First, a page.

Naturally, a person might start to become a little absent-minded as they age. However, there is a point where memory loss becomes a concern and could be an indicator of a larger health issue. Severe memory loss is not a normal or expected part of the aging process.

If your parent is showing memory loss or other symptoms of dementia, it is important that you address the issue as soon as possible. If there is an underlying health condition, treatment is generally much more effective the sooner it is started. It’s also a good idea to give yourself and your family as much time as possible to adjust to a serious diagnosis and effectively plan how to manage it.

What is dementia?

Dementia is a general term given to cognitive decline that is severe enough to affect day to day living. It’s often used as an umbrella term to describe a variety of different conditions.

This could be things like loss of memory, difficulty with language, and trouble solving everyday problems.

One of the most common causes of dementia is Alzheimer’s. However, there are a myriad of other conditions that can cause it too. Alzheimer’s causes between 60-80% of cases of dementia. There is currently no cure for Alzheimer’s, although research is ongoing. There are treatments that are available to stop the progression of symptoms and improve the quality of life for sufferers.

The second most common cause of dementia is vascular dementia, which occurs when there is microscopic bleeding or blood blockage in the brain. As with Alzheimer’s, there is no cure for vascular dementia, however, there are treatments available that can help with the symptoms and improve quality of life.

Signs of dementia

Some of the signs that could indicate dementia are:

  • Asking the same questions or telling the same stories repeatedly.
  • Finding themselves lost in places that they know well.
  • Struggling with the concept of time.
  • A loss of attention span or the ability to focus.
  • Having trouble communicating with other people.
  • Not being able to follow directions.
  • Becoming confused when they wouldn’t normally.
  • Difficulty recognizing people and places that they know well.
  • Impaired logic and judgement.
  • Not taking care of themselves properly. For example, they might not be feeding themselves properly, bathing, or keeping their home clean as they usually would.

These symptoms often come on quite slowly and gradually, and they can be difficult to spot at first as they could be caused by other factors than dementia. If you start to notice any of these symptoms, it’s important that you speak with the sufferer as soon as possible, just in case they are an indicator of dementia.

Have the conversation as soon as possible

Talking with someone about their memory loss will never be easy, particularly if the person you are talking to is your parent. It’s an incredibly emotive subject with highly emotional connotations, and so must be approached carefully.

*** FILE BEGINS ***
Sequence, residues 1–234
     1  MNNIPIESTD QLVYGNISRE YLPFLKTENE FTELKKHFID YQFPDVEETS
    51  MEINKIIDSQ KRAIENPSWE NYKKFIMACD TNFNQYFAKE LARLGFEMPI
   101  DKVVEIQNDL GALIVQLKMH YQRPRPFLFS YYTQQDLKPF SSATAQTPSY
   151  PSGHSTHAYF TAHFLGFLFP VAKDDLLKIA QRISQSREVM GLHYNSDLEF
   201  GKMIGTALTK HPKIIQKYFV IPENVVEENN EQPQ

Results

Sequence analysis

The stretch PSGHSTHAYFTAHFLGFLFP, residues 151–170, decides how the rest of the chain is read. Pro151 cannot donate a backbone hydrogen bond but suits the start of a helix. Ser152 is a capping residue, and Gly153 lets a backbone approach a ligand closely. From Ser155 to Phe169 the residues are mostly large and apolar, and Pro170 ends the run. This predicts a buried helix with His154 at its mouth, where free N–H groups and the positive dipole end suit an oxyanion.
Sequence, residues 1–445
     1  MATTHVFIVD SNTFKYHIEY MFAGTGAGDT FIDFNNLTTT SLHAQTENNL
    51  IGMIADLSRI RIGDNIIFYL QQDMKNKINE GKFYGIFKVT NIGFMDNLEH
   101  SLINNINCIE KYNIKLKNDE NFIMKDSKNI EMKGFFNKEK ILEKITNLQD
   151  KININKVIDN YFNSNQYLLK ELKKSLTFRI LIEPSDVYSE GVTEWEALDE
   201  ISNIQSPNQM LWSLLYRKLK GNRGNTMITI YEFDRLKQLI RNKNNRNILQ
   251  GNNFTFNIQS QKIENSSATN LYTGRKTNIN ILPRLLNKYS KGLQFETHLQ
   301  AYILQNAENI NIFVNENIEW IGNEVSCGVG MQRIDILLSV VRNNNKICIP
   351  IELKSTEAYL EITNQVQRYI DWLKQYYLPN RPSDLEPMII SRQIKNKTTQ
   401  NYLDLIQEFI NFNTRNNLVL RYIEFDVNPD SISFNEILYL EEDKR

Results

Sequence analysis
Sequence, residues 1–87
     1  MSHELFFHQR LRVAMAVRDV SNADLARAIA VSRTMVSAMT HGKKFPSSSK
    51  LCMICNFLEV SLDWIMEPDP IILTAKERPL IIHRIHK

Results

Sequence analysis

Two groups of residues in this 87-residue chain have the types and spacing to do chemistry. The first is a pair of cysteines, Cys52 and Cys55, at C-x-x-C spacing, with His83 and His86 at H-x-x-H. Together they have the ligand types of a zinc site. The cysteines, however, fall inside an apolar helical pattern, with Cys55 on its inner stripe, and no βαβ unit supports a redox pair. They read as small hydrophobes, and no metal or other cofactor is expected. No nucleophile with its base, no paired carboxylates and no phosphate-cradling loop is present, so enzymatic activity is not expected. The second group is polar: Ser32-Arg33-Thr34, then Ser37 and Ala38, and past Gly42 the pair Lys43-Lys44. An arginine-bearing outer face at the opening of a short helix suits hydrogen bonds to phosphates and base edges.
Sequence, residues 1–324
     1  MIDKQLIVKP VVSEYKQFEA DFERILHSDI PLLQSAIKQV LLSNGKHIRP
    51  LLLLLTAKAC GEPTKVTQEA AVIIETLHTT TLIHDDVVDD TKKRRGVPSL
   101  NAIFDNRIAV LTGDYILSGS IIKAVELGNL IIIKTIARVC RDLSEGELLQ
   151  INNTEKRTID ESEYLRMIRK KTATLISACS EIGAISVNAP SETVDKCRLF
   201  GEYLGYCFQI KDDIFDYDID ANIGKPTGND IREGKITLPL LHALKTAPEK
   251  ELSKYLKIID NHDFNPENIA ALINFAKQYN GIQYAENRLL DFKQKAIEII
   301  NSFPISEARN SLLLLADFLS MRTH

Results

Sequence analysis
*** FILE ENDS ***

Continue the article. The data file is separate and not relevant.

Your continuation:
The most important thing that you can do is to have the conversation as early as possible. There are a few reasons for this. Firstly, the earlier any treatment is started, the more effective they are likely to be. Secondly, it’s a good idea to have conversations about care and treatment plans while your loved one is still coherent enough to contribute. This way, they can be part of the decision-making process, and you can be sure that they are happy with the care option you decide on.

Finally, it’s quite likely that the first conversation may not go well. You might be met with denial, anger, or your loved one may become quite distraught. By beginning the conversation as early as possible you give yourself enough time to have multiple attempts at the conversation, and to not have to push anyone harder than necessary.

It’s important that your loved one comes away from the conversation feeling supported, so be sure to reiterate the fact that you are there for them as much as possible. It’s also worth thinking about who has the conversation. If there is a family member with whom there is a fractious history, for example, they may not be the best one to approach such a sensitive subject.

Seek support

Try to convince your loved one to seek advice from their physician as soon as possible. The sooner a diagnosis is reached, the earlier they will be able to start gathering information relating to their condition and how it is likely to impact their life. A physician will also be able to provide family members and carers advice on what to expect and what preparations will need to be made – for example, what care is likely to be needed and whether any changes to the home should be made.

Families of people suffering from dementia can also access advice from the Alzheimers Association.

Involve them in conversations about care

Caring for someone with dementia can have a huge impact on your life. Many people find that it’s not possible to provide the level of care that they would like to and that outside help is needed.

There are options available, like home healthcare assistants or assisted living communities. Assisted living communities such as those run by Frontier Management LLC focus on giving their residents as independent a life as possible and remaining engaged with a community of people. This sense of independence and connection can be invaluable for maintaining cognitive health for as long as possible.

Keep an open dialogue

It’s important that families keep talking openly and honestly about how they are feeling, and not just when the initial diagnosis is made.

Looking after someone with dementia can be emotionally draining, and the condition isn’t easy for the sufferer. Be sure to keep the lines of communication open so that your parent feels that they are supported, and make sure that you keep in contact with a support network of your own to look after your mental health, too.